It's a case of nice venue, shame about the show when it comes to The Black & White Ball, the first in a busy season of productions for the revamped King's Head Theatre, the Islington pub venue that is considerably more comfortable following its recent makeover: proper bench seating, hurrah! Whether that improvement will facilitate one's enjoyment of this Cole Porter-scored original musical is another matter altogether. Grafting 20-odd Porter songs on to an original book from Warner Brown that suggests some sort of bizarre murder mystery rewrite of Follies, Matthew White's production doesn't begin to have the sophistication or elegance suggested by music that itself often seems most peculiarly shoehorned into a narrative that aims to be straightforwardly enjoyable but is more often than not merely creepy: Not in a long time have I seen a definitely post-pubescent leading man - in this case Chris Ellis-Stanton's self-invented writer, Jay - putting the make on an 11-year-old girl, here called Little Leah. Or is the show courting some secret audience of paedophiles that has not been properly catered for in recent years, in which case that's taking new theatrical initiatives in decidedly rank directions.
Jay actually begins the show as Johnny, a strapping Montana lad of indeterminate sexuality who comes to Manhattan to make it big as a writer. Before long, he has fallen under the sway of the wealthy, literarily minded Suzanne (Katherine Kingsley), who lives husband-less with her young daughter and hides real emotion behind a carefully cultivated cool. Johnny by now having changed his name to the more soigne Jay, our hero can't keep out of men's only clubs, a trait that leads him straight into the predatory clutches of drag queen Ron (Mark McGee), a wannabe author whose presence en travesti allows the show's creators to throw into the musical brew Give Him the Oo-La-La in the first act and, of all things, Can-Can later on. It's not giving too much away to report that the faintly ludicrous narrative depends on the sort of sexual stereotyping that won't please more politicised members of the gay community, though the strapping Ellis-Stanton doesn't generate much of a rapport with his cast members of either gender, much to the chagrin of a story that hinges on the accelerating clutches of envy and jealousy.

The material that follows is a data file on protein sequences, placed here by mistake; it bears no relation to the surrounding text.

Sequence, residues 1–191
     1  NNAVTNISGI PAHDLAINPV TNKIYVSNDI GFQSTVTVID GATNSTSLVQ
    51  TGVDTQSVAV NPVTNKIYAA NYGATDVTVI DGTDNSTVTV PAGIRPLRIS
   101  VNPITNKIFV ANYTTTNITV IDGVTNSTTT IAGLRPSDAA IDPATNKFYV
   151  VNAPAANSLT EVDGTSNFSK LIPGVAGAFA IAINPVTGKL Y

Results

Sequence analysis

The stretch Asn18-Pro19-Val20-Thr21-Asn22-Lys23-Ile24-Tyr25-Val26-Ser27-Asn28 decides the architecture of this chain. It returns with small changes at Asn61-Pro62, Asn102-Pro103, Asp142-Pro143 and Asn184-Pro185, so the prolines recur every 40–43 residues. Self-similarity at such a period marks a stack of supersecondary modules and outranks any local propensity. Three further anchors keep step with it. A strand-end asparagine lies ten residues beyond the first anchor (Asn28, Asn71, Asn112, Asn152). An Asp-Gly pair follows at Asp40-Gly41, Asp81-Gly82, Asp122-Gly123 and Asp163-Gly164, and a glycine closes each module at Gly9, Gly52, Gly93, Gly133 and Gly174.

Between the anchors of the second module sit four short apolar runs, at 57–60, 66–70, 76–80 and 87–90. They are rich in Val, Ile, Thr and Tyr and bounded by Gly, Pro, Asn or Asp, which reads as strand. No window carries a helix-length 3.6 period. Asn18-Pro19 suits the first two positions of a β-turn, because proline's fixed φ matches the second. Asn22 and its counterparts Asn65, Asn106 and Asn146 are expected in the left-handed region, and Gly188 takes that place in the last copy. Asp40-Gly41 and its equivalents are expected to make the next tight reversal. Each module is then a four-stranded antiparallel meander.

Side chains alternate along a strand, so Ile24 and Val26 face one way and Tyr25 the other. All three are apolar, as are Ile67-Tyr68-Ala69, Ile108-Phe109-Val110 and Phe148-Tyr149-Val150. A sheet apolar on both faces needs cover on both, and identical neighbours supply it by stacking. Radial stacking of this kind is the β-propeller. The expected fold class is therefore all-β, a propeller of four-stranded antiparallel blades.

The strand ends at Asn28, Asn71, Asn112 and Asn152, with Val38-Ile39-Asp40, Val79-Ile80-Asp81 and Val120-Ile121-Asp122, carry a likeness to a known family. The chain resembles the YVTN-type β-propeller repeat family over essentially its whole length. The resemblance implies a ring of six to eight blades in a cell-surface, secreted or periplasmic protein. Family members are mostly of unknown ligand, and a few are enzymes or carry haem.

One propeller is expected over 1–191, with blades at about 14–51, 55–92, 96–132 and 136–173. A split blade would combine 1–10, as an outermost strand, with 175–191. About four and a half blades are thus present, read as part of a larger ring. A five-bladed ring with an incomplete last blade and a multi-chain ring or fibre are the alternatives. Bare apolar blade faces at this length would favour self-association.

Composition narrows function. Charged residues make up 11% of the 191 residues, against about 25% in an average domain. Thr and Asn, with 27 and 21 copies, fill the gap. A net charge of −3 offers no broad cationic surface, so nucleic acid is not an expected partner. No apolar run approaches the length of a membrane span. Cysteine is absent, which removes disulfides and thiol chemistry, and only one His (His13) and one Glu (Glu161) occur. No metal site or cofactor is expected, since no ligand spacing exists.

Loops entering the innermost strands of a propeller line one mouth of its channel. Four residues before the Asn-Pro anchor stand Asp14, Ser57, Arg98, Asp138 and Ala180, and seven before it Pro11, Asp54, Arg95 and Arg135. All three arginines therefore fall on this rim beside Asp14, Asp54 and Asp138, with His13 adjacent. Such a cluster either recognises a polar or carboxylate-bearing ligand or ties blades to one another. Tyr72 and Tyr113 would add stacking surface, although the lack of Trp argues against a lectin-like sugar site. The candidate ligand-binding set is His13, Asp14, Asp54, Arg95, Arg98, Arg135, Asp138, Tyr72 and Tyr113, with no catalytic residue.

The show has a framing device by direct way of Follies, with Kaisa Hammarlund revisiting the scene some two decades later of the oh-so-swell New York black and white ball where Jay met his maker. Charles Shirvell makes one of multiple appearances as the caretaker who announces, Follies-style, that this onetime resting place for society's finest is about to be torn down, leaving Hammarlund's now grown-up Leah to replay yesteryear's fateful events over and over in her head. On this evidence, Hammarlund may one day make a fabulous Sally in Stephen Sondheim and James Goldman's much-loved show, and she surely deserves better than having to protract an emotional blockage that parallels the writer block that besets Jay - an absence of ideas that, in turn, throws him into the collaborative clutches of Ron, to whom McGee brings the same commitment against the odds that he leant late last year to the abortive West End run of Desperately Seeking Susan.
The conceit seems to want to do for Porter what Crazy For You did for the music of the Gershwins, and The Black & White Ball comes with an intriguing array of producers attached. But however much Johnny/Jay's own confusion may vaguely parallel issues of sexual identity that marked out Porter, the music simply doesn't connect up with th